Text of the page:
Glossary of Terms:
AC current flowing through inductor
Method of attaching unit to panel chassis which does not provide any electrical connections.
Style or type of core structure. Core geometries have been developed for use in different circuit applications.
DC current flowing through inductor
Maximum wire resistance of the inductor
A core structure that is made of usually silicon steel metal pieces shaped like “E’s” and “I’s”.
Ferrite E Core:
An “E” shape structure made from dense, homogeneous ceramic materials made by mixing iron oxide with oxides or carbonates of one or more metals such as manganese, zinc, or magnesium. An E-core transformer requires two core pieces per transformer.
A doughnut shape structure made from dense, homogeneous ceramic materials made by mixing iron oxide with oxides or carbonates of one or more metals such as manganese, zinc, or magnesium.
Full Load Inductance:
Inductance under full load conditions
Range of frequencies over which the inductor is expected operate
Maximum isolation voltage from winding to winding or winding to core / ground.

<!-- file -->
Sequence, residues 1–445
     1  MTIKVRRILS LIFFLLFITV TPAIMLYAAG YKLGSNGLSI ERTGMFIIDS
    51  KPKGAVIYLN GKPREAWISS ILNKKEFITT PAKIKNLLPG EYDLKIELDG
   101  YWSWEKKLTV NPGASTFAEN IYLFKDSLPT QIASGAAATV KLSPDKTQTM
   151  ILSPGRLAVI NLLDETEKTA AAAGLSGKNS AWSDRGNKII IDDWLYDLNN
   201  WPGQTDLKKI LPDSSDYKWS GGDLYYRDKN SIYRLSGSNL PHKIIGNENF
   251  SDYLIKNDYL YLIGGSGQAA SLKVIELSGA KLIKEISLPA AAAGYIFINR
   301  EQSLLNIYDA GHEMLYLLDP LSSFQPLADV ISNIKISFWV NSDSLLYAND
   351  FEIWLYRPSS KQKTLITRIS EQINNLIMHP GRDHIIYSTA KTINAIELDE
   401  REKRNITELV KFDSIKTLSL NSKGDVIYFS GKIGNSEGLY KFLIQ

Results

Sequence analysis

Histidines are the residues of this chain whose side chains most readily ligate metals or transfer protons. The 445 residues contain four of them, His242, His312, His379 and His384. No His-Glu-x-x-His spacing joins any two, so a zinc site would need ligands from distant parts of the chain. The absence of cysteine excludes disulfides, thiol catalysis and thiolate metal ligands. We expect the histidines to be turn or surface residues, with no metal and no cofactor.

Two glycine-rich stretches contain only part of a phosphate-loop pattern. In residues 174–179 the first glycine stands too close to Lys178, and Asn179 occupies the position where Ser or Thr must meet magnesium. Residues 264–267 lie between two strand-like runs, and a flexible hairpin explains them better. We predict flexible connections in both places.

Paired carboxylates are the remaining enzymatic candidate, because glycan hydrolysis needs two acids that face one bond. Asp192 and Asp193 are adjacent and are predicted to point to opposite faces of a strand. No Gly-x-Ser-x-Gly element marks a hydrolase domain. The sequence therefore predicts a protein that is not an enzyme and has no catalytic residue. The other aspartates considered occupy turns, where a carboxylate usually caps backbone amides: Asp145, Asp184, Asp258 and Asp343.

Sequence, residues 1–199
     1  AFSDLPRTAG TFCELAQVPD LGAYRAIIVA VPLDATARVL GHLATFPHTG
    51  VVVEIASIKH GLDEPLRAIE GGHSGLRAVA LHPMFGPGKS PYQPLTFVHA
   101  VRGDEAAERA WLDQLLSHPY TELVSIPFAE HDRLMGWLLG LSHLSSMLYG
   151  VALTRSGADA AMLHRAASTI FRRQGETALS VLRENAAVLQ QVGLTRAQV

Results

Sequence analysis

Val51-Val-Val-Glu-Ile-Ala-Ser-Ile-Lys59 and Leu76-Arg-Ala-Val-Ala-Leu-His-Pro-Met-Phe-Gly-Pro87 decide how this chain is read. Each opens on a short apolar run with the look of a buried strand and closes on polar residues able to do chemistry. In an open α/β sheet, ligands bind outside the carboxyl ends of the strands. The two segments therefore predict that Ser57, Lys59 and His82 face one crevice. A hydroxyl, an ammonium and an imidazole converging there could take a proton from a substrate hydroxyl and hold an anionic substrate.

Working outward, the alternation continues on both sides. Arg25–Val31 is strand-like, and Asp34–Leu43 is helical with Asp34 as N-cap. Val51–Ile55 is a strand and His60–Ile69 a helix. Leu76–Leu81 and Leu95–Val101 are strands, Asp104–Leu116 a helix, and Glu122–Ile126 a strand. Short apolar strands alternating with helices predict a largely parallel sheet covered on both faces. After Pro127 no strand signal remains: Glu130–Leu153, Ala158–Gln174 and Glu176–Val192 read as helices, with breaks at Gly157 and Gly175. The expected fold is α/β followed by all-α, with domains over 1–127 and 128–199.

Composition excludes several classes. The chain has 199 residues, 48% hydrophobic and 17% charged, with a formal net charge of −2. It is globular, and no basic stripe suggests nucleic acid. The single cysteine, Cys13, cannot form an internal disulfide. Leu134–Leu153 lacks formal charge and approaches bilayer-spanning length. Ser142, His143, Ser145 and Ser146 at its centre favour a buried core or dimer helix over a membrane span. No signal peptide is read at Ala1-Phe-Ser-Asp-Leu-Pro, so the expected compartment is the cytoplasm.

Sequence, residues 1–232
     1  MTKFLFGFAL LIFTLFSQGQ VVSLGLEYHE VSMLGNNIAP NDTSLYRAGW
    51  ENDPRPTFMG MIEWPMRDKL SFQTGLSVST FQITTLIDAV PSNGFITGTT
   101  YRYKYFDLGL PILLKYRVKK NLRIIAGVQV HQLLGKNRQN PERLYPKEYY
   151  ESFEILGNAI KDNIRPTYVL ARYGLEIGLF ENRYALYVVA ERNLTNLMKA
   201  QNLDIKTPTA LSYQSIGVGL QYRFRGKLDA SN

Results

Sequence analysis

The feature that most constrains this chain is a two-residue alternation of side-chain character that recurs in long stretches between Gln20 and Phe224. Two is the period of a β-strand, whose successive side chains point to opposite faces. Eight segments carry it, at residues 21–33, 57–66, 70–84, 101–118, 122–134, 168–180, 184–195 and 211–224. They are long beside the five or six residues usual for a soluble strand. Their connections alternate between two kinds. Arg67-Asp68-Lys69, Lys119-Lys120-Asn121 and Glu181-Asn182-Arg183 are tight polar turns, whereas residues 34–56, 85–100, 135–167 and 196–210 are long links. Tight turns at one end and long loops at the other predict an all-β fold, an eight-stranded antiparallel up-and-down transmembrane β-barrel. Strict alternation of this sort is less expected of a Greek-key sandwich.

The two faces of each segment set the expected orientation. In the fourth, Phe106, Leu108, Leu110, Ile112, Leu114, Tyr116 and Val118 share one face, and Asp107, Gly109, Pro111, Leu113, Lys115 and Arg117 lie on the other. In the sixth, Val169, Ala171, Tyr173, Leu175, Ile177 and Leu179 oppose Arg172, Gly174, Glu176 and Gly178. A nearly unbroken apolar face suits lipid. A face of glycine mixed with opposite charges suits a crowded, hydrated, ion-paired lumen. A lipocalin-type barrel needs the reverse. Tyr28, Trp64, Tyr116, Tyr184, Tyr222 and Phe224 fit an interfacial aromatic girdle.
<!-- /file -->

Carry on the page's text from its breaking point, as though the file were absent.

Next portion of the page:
Length of time in seconds to test device at the hipot voltage.
The method used to mount the component to the circuit board.
No Load Inductance:
Inductance value under no load conditions expressed in micro henries.
Frequency at which inductor will operate
The operating temperature is the anticipated maximum temperature the transformer is expected to operate expressed in degrees Celsius.
Powder Core Toroid:
A doughnut shaped structure designed to have distributed air gaps within its shape made from ferrous alloy powder which result in low losses.
Components manufactured with solder feet that are soldered to pads on the circuit board providing the mounting and connection to the circuit. Electrical connection is made through soldering the component to these solder pads.
Thru Hole Mounting:
Component is manufactured with pins that mount the device through holes in the circuit board which are soldered.